Gene Krupa was born in Chicago, Illinois on January 15, 1909 and was the the youngest of Bartley and Ann Krupa's nine children. His father died when Gene was very young and his mother worked as a milliner to support the family. Allof the children had to start working while young, Gene at age eleven. His brother Pete worked at "Brown Music Company", and got Gene a job as chore boy. Gene started out playing sax in grade school but took up drums at age 11 since they were the cheapest item in the music store where he and his brother worked. "I used to look in their wholesale catalog for a musical instrument - piano, trombone, cornet - I didn't care what it was as long as it was an instrument. The cheapest item was the drums, 16 beans, I think, for a set of Japanese drums; a great high, wide bass drum, with a brass cymbal on it, a wood block and a snare drum."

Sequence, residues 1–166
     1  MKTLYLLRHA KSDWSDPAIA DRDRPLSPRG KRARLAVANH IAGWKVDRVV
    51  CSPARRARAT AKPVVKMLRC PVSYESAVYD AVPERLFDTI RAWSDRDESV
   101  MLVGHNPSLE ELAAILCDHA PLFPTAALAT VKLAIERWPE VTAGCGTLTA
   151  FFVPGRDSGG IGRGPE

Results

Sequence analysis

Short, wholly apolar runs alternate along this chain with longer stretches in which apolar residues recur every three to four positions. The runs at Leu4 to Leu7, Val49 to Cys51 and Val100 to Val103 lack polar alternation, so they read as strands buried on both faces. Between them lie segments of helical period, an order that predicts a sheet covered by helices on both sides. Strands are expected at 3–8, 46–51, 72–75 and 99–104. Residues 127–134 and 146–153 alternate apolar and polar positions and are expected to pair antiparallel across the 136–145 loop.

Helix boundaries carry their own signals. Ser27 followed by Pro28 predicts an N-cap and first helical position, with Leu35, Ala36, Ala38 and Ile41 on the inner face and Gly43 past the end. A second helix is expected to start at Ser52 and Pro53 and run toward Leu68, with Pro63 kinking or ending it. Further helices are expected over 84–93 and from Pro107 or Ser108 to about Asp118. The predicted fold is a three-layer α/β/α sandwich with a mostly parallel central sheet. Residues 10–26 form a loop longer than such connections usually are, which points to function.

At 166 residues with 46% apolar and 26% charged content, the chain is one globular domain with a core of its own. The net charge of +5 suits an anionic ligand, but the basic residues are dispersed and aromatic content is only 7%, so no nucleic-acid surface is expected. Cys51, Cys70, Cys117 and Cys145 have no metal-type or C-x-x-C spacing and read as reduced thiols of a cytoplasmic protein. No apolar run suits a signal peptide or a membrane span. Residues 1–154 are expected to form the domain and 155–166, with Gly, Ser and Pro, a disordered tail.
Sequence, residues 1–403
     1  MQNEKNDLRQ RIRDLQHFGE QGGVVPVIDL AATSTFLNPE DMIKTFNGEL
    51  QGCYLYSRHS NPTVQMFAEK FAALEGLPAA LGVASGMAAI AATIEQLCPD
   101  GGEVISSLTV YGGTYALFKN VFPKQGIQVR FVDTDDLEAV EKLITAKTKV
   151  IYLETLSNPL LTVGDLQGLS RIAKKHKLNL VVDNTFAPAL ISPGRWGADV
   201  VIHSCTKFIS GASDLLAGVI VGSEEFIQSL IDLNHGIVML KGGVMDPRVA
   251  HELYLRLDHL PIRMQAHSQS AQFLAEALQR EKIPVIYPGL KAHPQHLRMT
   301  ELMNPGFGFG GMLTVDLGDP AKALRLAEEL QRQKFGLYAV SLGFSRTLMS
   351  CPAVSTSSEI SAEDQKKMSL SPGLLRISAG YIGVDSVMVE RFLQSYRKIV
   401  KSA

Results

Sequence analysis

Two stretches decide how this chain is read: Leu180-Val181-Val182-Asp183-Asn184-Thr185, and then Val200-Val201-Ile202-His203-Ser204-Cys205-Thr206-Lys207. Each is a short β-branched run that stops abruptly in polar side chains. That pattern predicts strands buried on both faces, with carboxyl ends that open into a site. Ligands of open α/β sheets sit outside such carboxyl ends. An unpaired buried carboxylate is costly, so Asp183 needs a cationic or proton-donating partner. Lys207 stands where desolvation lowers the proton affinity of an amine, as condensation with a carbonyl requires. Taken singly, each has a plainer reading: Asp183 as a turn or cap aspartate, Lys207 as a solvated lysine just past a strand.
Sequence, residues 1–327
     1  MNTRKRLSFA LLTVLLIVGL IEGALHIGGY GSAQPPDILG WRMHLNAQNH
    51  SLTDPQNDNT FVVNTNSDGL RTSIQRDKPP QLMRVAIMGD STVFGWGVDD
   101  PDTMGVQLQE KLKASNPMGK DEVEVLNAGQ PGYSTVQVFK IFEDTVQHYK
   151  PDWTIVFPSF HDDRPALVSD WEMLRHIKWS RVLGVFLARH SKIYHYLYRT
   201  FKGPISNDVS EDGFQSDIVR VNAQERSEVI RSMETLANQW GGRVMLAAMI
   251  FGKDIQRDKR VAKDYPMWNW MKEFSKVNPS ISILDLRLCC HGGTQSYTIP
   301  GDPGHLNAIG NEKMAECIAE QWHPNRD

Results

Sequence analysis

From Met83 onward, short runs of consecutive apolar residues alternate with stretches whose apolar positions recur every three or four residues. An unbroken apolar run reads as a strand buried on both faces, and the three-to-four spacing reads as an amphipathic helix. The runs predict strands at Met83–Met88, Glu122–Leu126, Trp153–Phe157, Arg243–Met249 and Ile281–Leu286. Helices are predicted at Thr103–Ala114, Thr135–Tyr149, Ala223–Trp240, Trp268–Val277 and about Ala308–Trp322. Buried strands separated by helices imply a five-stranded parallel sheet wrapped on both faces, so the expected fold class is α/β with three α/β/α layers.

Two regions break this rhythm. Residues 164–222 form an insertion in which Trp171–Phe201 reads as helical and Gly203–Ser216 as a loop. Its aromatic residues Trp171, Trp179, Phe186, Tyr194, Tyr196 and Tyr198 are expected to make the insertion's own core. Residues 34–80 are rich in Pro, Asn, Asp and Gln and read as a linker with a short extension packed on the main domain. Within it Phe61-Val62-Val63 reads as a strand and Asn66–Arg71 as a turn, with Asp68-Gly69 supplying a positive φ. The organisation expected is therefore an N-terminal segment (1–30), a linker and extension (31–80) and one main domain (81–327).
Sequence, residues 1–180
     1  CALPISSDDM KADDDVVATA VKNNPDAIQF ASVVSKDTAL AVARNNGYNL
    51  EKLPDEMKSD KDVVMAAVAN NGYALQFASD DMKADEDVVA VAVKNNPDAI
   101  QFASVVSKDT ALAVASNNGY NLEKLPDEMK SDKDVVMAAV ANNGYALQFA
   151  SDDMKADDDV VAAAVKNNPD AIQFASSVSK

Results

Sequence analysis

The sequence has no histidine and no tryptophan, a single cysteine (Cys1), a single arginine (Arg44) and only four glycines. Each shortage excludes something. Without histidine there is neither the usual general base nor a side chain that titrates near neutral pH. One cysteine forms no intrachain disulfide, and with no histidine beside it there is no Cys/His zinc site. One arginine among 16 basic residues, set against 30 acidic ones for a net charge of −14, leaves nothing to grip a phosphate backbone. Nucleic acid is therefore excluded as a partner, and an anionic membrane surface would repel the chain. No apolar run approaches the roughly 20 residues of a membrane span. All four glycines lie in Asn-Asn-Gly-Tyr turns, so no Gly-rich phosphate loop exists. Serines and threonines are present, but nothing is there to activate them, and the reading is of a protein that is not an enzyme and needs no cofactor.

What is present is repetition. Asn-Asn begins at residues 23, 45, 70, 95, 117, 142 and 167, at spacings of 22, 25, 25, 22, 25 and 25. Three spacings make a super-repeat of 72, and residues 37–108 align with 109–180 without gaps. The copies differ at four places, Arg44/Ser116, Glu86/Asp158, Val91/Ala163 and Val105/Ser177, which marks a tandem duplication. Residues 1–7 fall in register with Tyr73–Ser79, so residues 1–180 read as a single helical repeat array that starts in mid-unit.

His parents were very religious and had groomed Gene for the priesthood. He spent his grammar school days at various parochial schools and upon graduation went to St. Joseph's College for a brief year. Gene's drive to drum was too strong and he gave up the idea of becoming a priest. In 1921, while still in grammar school, Gene joined his first band "The Frivolians." He obtained the drumming seat as a fluke when the regular drummer was sick. The band played during summers in Madison, Wisconsin. Upon entering high school in 1923, Gene became buddies with the "Austin High Gang", which included many musicians which would be on Gene's first recording session; Jimmy McPartland, Jimmy Lannigan, Bud Freeman and Frank Teschemacher. In 1925, Gene began his percussion studies with Roy Knapp, Al Silverman & Ed Straight. Under advice from others, he decided to join the musicians union. "The guy said, 'Make a roll. That's it. Give us 50 bucks. You're In.'" Krupa started his first "legit" playing with Joe Kayser, Thelma Terry and the Benson Orchestra among other commercial bands. A popular hangout for musicians was "The Three Deuces." All of the guys playing in mickey mouse bands would gravitate here afterhours and jam till early in the morning. Gene was able to hone and develop his style playing with other jazz players such as Mezz Mezzrow, Tommy Dorsey, Bix Beiderbecke and Benny Goodman in these local dives. Krupa's big influences during this time were Tubby Hall and Zutty Singleton. The drummer who probably had the greatest influence on Gene in this period was the great Baby Dodds. Dodds' use of press rolls was highly reflected in Gene's playing, especially during his tenure with Gene has often been considered to be the first drum "soloist." Drummers usually had been strictly time-keepers or noisemakers, but Krupa interacted with the other musicians and introduced the extended drum solo into jazz. His goal was to support the other musicians while creating his own role within the group. Gene is also considered the father of the modern drumset since he convinced H.H. Slingerland, of Slingerland Drums, to make tuneable tom-toms. Tom-toms up to that point had "tacked" heads, which left little ability to change the sound. The new drum design was introduced in 1936 and was termed "Seperate Tension Tunable Tom-Toms." Gene was a loyal endorser of Slingerland Drums from 1936 until his death. Krupa was called on by Avedis Zildjian to help with developing the modern hi-hat cymbals. The original hi-hat was called a "low-boy" which was a floor level cymbal setup which was played with the foot. This arrangement made it nearly impossible for stick playing. Gene's first recording session was a historical one. It occured in December of 1927 when he is noted to be the first drummer to record with a bass drum. Krupa, along with rest of the McKenzie-Condon Chicagoans were scheduled to record at OKeh Records in Chicago. OKeh's Tommy Rockwell was apprehensive to record Gene's drums but gave in. Rockwell said "All right, but I'm afraid the bass drum and those tom-toms will knock the needle off the wax and into the street."